U.S. Universities Help Chinese Dictatorship Spread Propaganda
American universities of all sizes and pedigree have been helping China spread its propaganda to college students through Chinese-government-funded programs known as Confucius Institutes (CIs).
Since 2004, China has funded CIs around the world, including throughout the United States’ system of higher education. The institutes, which provide Chinese language and cultural studies, can be found at prestigious private schools like Stanford and the University of Chicago and at public colleges like San Diego State, the University of Nebraska-Lincoln and Middle Tennessee State.
Why are so many four-year institutions accepting CIs?
China subsidizes the programs, and in return, the Chinese government dictates what can—and cannot—be taught at the CIs.
At the University of Chicago’s CI, school officials don’t even dare hang a photo of the Dalai Lama, whom the Chinese government considers a threat because of his Tibetan independence views.
“CIs are managed by a foreign government, and accordingly are responsive to its politics,” Marshall Sahlins wrote at The Nation.
“The constitution and bylaws of CIs, together with the agreements established with the host universities, place their academic activities under the supervision of the Beijing headquarters of the Chinese Language Council International, commonly known as Hanban,” Sahlins added.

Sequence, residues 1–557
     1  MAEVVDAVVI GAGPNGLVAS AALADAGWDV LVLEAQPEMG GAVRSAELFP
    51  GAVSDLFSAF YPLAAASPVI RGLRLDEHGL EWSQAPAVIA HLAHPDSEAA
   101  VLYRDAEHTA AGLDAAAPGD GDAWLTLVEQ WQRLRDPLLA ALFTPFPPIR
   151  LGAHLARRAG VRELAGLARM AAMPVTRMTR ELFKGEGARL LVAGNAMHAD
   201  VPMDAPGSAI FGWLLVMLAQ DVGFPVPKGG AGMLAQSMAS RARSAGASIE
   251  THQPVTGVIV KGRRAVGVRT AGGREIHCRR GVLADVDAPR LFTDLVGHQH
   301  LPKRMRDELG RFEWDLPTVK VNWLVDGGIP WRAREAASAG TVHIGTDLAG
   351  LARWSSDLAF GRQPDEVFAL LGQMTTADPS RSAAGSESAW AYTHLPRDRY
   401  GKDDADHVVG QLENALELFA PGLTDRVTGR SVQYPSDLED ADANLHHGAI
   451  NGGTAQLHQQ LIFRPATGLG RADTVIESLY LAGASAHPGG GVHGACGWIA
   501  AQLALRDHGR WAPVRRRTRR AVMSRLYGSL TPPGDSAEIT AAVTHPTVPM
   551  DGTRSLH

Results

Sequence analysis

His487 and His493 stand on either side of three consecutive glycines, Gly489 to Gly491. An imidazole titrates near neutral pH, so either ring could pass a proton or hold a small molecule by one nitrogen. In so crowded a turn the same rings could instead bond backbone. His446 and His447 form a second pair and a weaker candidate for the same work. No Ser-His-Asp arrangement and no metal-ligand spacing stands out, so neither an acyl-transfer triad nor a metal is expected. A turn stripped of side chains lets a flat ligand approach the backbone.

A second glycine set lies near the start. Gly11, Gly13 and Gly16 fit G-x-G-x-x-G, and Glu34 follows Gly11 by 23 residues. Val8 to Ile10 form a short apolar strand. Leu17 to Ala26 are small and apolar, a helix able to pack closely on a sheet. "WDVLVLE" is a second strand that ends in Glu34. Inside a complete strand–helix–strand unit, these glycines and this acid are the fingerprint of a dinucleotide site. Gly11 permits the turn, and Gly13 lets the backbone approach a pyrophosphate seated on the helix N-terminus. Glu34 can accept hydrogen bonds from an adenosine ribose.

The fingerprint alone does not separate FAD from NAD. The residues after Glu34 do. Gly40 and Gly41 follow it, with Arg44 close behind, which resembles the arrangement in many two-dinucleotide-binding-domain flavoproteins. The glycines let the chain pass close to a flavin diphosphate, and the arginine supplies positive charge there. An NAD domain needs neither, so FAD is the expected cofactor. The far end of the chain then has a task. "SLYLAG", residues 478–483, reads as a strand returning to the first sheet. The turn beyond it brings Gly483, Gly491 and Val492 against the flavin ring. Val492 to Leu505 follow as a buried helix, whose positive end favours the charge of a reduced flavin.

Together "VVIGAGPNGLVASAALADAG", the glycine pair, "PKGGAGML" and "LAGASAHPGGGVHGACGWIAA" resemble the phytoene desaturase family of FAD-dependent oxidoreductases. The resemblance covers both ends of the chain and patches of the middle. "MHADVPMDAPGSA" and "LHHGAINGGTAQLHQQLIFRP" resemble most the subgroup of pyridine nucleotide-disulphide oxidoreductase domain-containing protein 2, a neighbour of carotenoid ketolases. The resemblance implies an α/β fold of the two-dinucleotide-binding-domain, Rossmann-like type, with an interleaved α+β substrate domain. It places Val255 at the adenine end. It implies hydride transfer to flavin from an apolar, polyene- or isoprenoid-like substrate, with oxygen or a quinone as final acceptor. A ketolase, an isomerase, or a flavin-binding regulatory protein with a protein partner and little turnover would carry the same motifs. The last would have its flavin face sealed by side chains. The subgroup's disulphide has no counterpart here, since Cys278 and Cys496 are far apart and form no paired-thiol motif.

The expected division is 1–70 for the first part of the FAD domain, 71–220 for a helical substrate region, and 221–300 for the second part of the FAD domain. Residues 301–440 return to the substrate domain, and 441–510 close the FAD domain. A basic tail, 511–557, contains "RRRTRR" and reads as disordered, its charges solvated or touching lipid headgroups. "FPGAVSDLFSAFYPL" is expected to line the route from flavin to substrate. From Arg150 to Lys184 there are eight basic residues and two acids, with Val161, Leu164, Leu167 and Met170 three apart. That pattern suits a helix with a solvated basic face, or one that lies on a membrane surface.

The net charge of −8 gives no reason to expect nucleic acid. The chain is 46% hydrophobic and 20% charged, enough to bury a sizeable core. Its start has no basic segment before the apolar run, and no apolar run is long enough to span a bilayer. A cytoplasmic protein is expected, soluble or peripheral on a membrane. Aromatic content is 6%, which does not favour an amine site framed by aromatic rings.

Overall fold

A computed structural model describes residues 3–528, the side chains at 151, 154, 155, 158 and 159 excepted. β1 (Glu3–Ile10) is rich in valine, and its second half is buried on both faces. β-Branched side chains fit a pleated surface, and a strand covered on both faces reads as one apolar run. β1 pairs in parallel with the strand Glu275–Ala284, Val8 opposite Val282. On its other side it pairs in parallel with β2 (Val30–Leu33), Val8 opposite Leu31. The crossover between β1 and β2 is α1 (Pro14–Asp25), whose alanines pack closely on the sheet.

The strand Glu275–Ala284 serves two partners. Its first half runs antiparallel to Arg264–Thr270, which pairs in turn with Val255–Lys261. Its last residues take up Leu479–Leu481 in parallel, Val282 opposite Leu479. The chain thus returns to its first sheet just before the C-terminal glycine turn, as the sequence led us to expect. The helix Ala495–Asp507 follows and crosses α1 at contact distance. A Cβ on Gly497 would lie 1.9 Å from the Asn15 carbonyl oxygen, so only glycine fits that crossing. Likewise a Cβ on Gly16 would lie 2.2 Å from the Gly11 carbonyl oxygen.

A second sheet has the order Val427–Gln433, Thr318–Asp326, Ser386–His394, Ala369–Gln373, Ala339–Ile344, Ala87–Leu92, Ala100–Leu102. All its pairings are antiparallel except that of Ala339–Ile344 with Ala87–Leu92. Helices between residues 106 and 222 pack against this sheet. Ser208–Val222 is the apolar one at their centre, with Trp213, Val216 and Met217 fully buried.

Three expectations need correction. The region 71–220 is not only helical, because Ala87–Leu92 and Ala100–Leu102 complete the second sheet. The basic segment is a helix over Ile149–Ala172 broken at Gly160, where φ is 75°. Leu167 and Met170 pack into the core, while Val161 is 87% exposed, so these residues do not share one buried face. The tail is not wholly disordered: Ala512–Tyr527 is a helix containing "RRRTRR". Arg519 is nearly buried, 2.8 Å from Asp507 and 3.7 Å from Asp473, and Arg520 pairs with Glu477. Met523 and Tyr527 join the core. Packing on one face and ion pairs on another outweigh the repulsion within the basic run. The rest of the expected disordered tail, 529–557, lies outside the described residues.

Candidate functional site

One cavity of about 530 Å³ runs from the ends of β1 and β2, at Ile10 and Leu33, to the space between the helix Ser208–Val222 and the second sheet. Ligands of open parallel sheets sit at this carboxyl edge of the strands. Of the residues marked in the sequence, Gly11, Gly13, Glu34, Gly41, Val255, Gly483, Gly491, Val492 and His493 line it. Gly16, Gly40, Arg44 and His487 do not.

Hanban is ruled by Communist Party officials back in China, and is essentially “an instrument of the party state operating as an international pedagogical organization,” according to Sahlins.
At smaller U.S. universities hosting CIs, most or all of the instruction in Chinese language and culture is under Hanban’s control.
“Hanban has the right to supply the teachers, textbooks and curriculums of the courses in its charge; it also names the Chinese co-directors of the local Confucius Institutes. Research projects on China undertaken by scholars with Hanban funds are approved by Beijing. The teachers appointed by Hanban, together with the academic and extracurricular programs of the CIs, are periodically evaluated and approved by Beijing, and host universities are required to accept Beijing’s supervision and assessments of CI activities,” Sahlins wrote.
And if a university’s CI does something not authorized by Hanban, it can sue in U.S. court for breach of contract.
There are currently 400 CIs worldwide, in addition to nearly 600 “Confucius classrooms” set up in secondary and elementary schools. To date, there has been “no serious…journalistic investigation” into the program, according to Sahlins.
To Learn More:
China U. (by Marshall Sahlins, The Nation)
China’s Brutal Past Haunts the Present: First Lady Sang to Murderous Troops; Boy Sent Mother to her Death (by Noel Brinkerhoff, AllGov)
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